Meng was a beloved New Paltz faculty member from his appointment in 1951 until his retirement in 2001 (he worked as an adjunct professor from 2002-2006). He is perhaps best known in the conservation community as the person credited with the recovery of the peregrine falcon in the eastern U.S.
In 1967, Meng became the first to succeed in breeding the peregrine falcon in captivity, at a time when populations had been decimated by widespread use of pesticides like DDT. His methods were replicated as the basis of a bird-release program that has restored the falcon’s population levels to the point that it was officially removed from the Endangered Species List in 1999. In 1998, the National Audubon Society named him one of 100 champions of conservation during the 20th century.
Meng shared his preternatural touch and love of birds with many generations of New Paltz students. He began flying falcons on campus in 1974, a tradition he continued until his retirement, creating countless hands-on opportunities for students to work with birds of prey in natural settings.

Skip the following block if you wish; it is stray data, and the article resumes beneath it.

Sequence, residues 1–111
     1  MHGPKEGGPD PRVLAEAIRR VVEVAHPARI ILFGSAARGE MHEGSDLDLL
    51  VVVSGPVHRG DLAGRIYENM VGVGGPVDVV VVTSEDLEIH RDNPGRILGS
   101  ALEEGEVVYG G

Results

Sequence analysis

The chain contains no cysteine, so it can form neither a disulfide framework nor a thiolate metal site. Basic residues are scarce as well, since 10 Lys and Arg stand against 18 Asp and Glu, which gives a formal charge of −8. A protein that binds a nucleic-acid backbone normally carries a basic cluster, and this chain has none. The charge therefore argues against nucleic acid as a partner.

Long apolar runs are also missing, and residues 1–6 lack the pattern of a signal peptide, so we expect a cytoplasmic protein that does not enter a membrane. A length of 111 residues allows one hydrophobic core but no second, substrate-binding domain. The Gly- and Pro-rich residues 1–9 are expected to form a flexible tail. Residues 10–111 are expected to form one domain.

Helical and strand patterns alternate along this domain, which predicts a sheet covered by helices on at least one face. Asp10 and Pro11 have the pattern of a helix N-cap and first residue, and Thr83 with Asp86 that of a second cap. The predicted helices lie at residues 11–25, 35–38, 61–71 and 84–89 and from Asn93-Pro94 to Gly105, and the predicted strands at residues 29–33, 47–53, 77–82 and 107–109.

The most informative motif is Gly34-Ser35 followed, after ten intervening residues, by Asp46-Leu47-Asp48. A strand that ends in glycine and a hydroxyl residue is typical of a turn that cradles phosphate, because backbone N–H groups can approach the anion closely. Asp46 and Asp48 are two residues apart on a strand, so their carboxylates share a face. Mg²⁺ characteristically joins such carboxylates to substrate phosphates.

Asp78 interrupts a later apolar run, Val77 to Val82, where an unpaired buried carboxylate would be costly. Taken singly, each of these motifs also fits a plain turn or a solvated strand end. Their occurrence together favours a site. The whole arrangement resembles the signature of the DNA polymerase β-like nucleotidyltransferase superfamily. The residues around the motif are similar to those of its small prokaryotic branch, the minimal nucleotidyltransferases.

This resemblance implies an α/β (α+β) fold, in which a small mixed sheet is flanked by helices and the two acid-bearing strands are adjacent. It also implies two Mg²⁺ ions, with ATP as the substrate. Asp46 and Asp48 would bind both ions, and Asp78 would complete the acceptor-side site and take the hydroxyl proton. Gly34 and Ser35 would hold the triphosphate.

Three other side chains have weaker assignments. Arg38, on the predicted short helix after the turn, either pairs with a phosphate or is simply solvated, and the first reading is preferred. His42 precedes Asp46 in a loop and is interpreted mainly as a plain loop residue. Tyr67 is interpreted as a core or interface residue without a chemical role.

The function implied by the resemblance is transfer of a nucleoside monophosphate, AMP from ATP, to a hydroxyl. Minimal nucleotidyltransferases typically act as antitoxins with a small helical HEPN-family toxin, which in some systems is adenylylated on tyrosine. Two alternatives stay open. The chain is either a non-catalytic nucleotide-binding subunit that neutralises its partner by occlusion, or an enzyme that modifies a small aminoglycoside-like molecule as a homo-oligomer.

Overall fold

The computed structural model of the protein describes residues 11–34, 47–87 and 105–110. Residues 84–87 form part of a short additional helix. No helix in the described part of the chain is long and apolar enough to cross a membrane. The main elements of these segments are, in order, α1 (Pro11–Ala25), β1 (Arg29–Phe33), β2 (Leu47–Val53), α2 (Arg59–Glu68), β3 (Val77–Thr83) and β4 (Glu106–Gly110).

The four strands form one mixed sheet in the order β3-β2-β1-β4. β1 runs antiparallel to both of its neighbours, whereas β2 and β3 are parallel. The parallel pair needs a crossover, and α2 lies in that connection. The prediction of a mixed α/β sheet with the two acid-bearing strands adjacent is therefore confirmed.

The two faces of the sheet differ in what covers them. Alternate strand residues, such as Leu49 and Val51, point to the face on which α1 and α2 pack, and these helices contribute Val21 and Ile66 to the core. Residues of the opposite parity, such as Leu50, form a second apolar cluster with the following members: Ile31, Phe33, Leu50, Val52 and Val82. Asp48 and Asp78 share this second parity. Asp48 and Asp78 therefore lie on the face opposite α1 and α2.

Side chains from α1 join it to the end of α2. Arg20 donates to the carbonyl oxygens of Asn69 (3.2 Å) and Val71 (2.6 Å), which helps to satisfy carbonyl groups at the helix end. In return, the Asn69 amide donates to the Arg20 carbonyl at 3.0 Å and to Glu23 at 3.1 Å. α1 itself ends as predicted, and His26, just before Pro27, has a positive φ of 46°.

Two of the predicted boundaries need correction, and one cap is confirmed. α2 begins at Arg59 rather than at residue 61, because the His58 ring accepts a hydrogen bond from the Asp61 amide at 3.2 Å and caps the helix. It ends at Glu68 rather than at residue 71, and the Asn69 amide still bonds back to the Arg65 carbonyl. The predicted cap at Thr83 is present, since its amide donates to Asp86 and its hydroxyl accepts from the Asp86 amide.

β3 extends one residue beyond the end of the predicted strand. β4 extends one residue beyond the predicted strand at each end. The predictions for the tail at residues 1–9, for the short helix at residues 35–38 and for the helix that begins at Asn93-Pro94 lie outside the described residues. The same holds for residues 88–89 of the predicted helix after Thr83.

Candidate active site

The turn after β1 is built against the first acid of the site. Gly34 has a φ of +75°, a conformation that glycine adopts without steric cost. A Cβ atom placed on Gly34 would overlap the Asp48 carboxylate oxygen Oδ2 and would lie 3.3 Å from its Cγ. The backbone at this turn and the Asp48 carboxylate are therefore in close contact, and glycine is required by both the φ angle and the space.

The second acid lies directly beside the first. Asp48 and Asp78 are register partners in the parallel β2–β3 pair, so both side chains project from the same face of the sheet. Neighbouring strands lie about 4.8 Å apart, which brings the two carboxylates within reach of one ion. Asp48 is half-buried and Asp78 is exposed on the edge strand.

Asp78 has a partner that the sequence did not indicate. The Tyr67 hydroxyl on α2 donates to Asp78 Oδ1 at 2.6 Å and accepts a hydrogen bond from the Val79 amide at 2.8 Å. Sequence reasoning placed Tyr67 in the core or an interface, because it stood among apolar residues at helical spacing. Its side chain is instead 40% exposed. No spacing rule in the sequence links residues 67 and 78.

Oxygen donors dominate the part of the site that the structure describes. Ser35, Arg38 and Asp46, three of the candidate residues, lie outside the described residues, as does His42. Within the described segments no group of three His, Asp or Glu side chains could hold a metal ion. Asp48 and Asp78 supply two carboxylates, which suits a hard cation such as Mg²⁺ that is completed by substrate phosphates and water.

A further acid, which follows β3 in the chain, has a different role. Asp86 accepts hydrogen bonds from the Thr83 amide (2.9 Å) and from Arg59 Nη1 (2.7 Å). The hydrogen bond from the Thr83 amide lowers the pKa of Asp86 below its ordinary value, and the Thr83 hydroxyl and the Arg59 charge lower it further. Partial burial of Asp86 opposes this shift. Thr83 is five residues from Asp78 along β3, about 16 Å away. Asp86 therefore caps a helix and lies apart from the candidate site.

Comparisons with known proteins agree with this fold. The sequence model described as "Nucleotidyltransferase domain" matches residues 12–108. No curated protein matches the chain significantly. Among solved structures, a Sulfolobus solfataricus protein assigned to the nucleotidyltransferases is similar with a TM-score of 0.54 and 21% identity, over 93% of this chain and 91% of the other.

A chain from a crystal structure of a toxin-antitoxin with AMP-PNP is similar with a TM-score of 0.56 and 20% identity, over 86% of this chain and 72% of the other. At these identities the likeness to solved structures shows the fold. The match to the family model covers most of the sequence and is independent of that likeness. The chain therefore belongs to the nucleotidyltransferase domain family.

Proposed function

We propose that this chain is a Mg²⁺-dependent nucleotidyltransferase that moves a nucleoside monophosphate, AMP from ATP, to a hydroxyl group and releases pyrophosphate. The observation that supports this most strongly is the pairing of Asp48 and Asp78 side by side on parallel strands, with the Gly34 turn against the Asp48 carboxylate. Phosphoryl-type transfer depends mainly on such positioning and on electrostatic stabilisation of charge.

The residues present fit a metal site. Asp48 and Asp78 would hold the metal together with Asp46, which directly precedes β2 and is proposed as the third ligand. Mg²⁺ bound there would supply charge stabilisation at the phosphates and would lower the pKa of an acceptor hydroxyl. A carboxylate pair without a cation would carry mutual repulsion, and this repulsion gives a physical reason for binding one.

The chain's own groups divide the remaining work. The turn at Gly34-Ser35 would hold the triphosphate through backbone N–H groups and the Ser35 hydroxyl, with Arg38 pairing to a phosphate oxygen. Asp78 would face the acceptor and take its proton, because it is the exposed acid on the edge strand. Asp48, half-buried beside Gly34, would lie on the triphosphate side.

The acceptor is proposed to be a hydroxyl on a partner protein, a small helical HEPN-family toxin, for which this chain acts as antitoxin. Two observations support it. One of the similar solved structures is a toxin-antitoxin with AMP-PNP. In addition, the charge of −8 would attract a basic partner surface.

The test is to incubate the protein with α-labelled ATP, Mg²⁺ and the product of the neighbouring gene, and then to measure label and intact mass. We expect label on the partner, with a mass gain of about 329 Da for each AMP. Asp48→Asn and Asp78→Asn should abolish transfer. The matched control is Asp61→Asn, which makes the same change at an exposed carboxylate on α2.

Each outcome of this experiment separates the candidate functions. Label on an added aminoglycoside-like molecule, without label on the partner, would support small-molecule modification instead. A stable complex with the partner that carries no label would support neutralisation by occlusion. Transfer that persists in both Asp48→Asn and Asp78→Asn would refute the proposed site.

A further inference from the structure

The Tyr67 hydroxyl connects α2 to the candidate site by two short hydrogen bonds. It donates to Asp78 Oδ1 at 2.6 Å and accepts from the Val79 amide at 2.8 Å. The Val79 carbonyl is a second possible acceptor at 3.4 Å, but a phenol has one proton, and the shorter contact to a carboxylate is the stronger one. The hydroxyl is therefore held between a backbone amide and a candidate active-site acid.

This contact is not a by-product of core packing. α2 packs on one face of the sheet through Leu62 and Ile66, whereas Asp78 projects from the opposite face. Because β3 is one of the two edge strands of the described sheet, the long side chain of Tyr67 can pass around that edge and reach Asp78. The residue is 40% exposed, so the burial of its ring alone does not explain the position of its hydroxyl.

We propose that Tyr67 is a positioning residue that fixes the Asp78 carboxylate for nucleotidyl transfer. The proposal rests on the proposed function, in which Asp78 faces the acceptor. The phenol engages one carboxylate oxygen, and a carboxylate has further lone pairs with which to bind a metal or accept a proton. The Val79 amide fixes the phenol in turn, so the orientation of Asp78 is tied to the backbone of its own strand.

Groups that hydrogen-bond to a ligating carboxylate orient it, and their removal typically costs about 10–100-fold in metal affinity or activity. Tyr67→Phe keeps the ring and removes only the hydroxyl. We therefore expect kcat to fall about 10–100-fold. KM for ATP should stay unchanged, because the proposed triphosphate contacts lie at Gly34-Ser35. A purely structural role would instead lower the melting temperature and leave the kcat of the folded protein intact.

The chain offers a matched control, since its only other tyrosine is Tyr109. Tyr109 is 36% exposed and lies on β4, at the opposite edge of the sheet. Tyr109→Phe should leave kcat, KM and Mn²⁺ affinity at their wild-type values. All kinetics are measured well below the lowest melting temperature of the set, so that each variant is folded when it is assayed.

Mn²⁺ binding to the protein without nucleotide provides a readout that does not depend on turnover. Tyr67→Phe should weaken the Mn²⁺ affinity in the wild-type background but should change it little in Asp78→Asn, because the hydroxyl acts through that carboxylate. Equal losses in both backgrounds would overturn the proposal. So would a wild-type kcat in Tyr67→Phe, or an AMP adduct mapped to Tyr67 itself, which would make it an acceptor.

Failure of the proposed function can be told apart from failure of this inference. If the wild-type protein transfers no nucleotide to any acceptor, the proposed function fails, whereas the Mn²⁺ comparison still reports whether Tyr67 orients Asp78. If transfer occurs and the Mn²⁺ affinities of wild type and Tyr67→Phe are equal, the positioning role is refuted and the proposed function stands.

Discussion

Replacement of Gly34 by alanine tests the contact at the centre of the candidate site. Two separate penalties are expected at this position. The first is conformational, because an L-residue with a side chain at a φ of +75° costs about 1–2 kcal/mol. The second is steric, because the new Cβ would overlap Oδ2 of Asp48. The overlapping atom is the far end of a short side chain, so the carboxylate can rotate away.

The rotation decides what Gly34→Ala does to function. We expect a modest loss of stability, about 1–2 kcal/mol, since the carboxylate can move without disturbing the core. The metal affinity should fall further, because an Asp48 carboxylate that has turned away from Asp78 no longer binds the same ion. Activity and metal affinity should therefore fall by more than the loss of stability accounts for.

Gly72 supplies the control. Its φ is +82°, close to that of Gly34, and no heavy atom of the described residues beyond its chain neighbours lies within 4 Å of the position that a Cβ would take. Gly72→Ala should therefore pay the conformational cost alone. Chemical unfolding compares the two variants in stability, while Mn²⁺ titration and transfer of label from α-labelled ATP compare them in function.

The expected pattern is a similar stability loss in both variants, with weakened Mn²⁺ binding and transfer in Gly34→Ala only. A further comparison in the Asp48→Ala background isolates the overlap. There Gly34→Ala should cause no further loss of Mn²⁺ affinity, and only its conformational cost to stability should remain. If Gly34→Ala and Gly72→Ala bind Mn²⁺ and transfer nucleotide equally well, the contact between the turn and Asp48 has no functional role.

“Numerous alumni have shared with me the profound impact that Dr. Meng’s teaching had on their lives and careers, and the vivid memories they have of experiences in the field with him,” said President Donald P. Christian. “His contributions to the recovery of the peregrine falcon are a truly remarkable legacy. Please join me in wishing the Heinz Meng family our deepest appreciation and condolences.”
Heinz Meng was born in Germany in 1924 and emigrated to the U.S. with his family in 1929. He earned his Ph.D in ornithology at Cornell before his appointment at New Paltz.
A memorial will be held on campus at a later date. Details will be shared as they become available.